A judge at China’s Supreme People’s Court has outlined further details of a commercial court it hopes will become a forum for resolving international disputes – though lawyers remain sceptical about its future popularity.
Judge Chen Ji Zhong said that he hopes the China International Commercial Court (CICC) will provide an effective means for resolving disputes. The court, a division of the SPC, the highest judicial authority in the country, has bases in Xi’an and Shenzhen.
Although the courts were formally announced in July this year, they have yet to hear cases. The SPC is currently in the final stages of formalising its rules and procedures, Judge Chen said.
The court will have eight judges, all drawn from the SPC bench. A panel of experts from jurisdictions that form part of the Belt and Road (BRI) initiative, including China and the UK, will give advise on disputes but the final decision in any case rests with the judges.
Chen said whether or-not the court becomes widely used by international parties will be dependent on parties submitting to the jurisdiction of Chinese courts.
Reacting to this, one lawyer told the Gazette it would require a number of test cases to see how decisions play out before foreign parties begin to use the court. The panel of experts, their credentials and the significance of their role would also be a key factor in whether the court became an attractive proposition for countries, they added.
Retired judge Sir William Blair is among the foreign experts who has been appointed to the expert committee, as is Donald Francis Donovan co-chair of Debevoise & Plimpton’s international disputes and public international law groups, and former Australian judge James Spigelman.
According to CICC rules, for a case to be accepted at least one party must be from outside mainland China, the amount at stake must exceed RMB300m (£33m) and the parties must accept that the court’s decision is final. As the court is a division of the SPC there is no further route of appeal.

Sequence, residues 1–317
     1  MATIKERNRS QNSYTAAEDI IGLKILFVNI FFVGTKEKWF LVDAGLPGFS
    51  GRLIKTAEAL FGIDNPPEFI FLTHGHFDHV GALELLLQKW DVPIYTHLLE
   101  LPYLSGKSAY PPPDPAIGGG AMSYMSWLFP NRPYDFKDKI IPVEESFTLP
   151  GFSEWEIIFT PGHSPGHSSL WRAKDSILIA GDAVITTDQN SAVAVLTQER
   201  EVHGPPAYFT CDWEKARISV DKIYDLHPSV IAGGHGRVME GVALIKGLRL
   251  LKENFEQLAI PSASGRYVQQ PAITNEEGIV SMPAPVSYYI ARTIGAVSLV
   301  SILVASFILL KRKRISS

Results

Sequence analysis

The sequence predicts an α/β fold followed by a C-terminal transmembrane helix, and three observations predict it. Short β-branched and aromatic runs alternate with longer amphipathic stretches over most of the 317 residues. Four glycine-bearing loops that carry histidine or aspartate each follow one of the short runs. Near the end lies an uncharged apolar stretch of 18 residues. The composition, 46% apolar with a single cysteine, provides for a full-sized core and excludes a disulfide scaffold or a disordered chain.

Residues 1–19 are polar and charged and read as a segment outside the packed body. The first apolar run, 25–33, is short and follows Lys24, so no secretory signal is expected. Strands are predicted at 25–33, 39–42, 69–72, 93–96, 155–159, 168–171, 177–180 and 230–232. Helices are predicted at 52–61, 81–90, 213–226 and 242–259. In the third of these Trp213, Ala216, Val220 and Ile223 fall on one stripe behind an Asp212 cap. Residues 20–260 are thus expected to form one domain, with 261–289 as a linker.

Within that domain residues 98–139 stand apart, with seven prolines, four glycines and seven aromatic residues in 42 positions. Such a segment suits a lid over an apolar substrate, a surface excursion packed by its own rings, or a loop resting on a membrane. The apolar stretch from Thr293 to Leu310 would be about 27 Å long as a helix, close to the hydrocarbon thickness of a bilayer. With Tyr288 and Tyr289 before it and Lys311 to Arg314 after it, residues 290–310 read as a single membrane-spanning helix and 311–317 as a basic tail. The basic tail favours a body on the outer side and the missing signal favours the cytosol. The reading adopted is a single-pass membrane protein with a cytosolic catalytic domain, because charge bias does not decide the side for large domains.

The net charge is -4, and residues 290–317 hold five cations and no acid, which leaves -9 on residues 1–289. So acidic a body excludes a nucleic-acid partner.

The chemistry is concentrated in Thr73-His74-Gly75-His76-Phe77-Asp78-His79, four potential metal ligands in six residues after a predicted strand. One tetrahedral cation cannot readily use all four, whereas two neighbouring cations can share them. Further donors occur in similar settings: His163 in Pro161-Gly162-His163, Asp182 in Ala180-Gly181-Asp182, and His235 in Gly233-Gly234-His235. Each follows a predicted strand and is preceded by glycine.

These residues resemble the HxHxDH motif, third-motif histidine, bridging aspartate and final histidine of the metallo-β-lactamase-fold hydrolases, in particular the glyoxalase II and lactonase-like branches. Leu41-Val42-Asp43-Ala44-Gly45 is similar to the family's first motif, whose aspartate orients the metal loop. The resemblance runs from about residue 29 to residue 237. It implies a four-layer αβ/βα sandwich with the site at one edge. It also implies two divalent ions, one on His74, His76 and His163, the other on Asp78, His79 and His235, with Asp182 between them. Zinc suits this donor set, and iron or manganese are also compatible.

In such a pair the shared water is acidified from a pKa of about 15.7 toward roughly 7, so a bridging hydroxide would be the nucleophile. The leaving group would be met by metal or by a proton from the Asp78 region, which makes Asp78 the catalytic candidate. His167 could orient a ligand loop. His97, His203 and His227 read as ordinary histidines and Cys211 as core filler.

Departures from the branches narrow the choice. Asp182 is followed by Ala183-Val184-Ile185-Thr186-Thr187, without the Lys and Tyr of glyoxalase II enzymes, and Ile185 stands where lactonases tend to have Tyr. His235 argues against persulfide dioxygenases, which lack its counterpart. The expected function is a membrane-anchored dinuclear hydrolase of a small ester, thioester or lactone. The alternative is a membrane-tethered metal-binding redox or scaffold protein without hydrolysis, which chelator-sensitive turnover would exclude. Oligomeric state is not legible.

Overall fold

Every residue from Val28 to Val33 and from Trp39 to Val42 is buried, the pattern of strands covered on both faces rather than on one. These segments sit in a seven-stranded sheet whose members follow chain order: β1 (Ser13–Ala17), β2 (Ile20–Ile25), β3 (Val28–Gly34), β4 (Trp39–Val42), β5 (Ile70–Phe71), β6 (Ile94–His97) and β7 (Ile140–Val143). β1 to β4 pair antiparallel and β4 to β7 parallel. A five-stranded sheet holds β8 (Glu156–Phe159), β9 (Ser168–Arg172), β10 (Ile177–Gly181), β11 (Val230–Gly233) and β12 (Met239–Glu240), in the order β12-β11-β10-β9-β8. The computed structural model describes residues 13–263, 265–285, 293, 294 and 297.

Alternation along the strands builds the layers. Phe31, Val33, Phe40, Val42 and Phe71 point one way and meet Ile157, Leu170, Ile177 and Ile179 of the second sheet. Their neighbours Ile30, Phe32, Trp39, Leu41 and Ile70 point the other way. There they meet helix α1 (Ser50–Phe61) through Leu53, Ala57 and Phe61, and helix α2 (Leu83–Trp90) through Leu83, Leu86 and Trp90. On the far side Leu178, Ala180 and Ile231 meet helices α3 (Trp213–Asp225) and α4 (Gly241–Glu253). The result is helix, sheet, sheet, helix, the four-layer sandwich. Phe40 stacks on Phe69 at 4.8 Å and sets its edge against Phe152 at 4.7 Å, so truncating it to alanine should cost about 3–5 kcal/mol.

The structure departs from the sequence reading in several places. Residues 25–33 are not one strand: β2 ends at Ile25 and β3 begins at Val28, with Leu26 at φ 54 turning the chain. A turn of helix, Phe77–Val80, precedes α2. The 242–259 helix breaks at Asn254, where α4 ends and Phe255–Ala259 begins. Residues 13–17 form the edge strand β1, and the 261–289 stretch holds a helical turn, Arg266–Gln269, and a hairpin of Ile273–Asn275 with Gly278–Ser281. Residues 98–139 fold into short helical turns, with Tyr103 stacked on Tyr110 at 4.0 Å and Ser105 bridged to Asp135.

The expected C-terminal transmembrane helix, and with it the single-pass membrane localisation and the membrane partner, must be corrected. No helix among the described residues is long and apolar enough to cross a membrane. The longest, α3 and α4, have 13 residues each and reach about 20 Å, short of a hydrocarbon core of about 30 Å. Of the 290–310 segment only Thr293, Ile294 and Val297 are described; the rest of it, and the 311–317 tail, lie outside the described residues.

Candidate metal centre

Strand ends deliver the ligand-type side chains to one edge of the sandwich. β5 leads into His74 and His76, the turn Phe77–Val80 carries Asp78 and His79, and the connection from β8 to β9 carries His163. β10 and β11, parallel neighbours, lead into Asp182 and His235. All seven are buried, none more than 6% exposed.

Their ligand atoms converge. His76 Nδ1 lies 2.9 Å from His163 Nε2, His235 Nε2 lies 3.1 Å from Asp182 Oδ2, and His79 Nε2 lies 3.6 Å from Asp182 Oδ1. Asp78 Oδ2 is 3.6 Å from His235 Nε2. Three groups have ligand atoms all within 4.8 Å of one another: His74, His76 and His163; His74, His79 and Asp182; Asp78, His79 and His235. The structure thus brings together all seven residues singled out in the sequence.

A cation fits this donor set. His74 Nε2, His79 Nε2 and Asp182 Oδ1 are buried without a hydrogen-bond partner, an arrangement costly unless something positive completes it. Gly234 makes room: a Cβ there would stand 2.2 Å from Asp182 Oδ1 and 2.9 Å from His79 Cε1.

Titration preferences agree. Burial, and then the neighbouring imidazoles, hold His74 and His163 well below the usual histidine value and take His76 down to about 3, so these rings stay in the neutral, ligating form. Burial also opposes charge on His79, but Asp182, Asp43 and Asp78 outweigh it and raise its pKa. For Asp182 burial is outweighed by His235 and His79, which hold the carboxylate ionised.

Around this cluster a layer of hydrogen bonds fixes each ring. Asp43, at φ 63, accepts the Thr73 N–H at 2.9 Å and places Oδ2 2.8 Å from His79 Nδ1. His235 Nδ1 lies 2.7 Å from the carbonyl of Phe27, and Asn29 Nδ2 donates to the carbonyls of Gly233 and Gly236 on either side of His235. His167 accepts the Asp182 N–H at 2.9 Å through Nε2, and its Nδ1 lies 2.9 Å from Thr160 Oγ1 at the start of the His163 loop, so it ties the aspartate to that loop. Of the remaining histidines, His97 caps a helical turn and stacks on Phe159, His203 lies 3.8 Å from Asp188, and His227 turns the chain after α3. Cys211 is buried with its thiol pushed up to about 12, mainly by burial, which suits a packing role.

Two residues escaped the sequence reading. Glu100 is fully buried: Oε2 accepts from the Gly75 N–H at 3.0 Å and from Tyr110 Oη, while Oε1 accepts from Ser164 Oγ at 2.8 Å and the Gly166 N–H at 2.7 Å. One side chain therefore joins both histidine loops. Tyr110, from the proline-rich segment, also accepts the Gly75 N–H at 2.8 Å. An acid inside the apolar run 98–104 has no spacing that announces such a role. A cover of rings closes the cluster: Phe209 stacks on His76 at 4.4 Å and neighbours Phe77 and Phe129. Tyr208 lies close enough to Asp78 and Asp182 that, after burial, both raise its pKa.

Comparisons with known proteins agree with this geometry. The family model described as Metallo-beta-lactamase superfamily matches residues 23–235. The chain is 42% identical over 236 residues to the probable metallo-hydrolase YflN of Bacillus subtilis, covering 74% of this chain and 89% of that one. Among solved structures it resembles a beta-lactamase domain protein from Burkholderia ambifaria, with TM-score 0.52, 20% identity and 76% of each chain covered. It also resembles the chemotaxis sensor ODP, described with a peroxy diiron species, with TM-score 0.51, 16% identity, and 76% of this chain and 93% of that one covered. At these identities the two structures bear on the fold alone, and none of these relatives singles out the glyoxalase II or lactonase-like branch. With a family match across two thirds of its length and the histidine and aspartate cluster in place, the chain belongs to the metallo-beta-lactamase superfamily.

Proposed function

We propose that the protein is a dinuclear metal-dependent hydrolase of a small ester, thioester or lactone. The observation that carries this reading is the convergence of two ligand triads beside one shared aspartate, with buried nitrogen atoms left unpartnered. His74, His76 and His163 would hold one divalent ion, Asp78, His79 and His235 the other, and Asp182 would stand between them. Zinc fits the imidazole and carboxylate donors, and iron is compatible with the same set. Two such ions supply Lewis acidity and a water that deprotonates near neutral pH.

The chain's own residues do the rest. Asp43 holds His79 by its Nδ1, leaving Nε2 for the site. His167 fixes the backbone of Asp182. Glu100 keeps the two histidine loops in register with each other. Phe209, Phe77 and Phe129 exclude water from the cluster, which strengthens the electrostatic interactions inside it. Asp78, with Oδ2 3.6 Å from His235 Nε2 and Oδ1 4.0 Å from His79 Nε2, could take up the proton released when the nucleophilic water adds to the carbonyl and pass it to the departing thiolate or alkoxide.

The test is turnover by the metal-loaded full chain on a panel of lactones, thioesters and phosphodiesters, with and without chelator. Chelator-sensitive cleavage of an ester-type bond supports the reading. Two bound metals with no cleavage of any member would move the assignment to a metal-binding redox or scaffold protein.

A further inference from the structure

Cases can take the form of litigation, arbitration or mediation, Chen said, adding that mediation services can be carried out by the expert panel.
Ben Bury, partner at international firm HFW’s Hong Kong office, told the Gazette that the courts represent ‘a step towards improving access to justice in China’. However, he added: ‘I suspect that non-Chinese parties would generally prefer arbitration outside China, over litigation in China. However, if international arbitration is not available, CICCs may well be considered. The CICC will be part of the SPC and the judges who will sit in the CICC will also sit in the SPC. Therefore, by definition, they will not be independent from that court, but a part of it.’
IckWei Chong, partner at international firm Clyde & Co in Singapore, told the Gazette that another requirement stipulating that the dispute must have an actual connection with China makes the court different from equivalents operating in Singapore and Dubai.
However, he said assuming the CICC can ‘garner the confidence of potential users’ it could be well placed to resolve disputes that emerge from BRI developments. Many of those will involve developing countries with a less sophisticated legal system, he explained. He added: ‘The judges of the CICC are very able judges but the hearings will be conducted in Chinese cities.’
Bury added that the influence from the ‘distinguished’ expert committee could result in the CICC adopting ideas and concepts from other jurisdictions in judgments.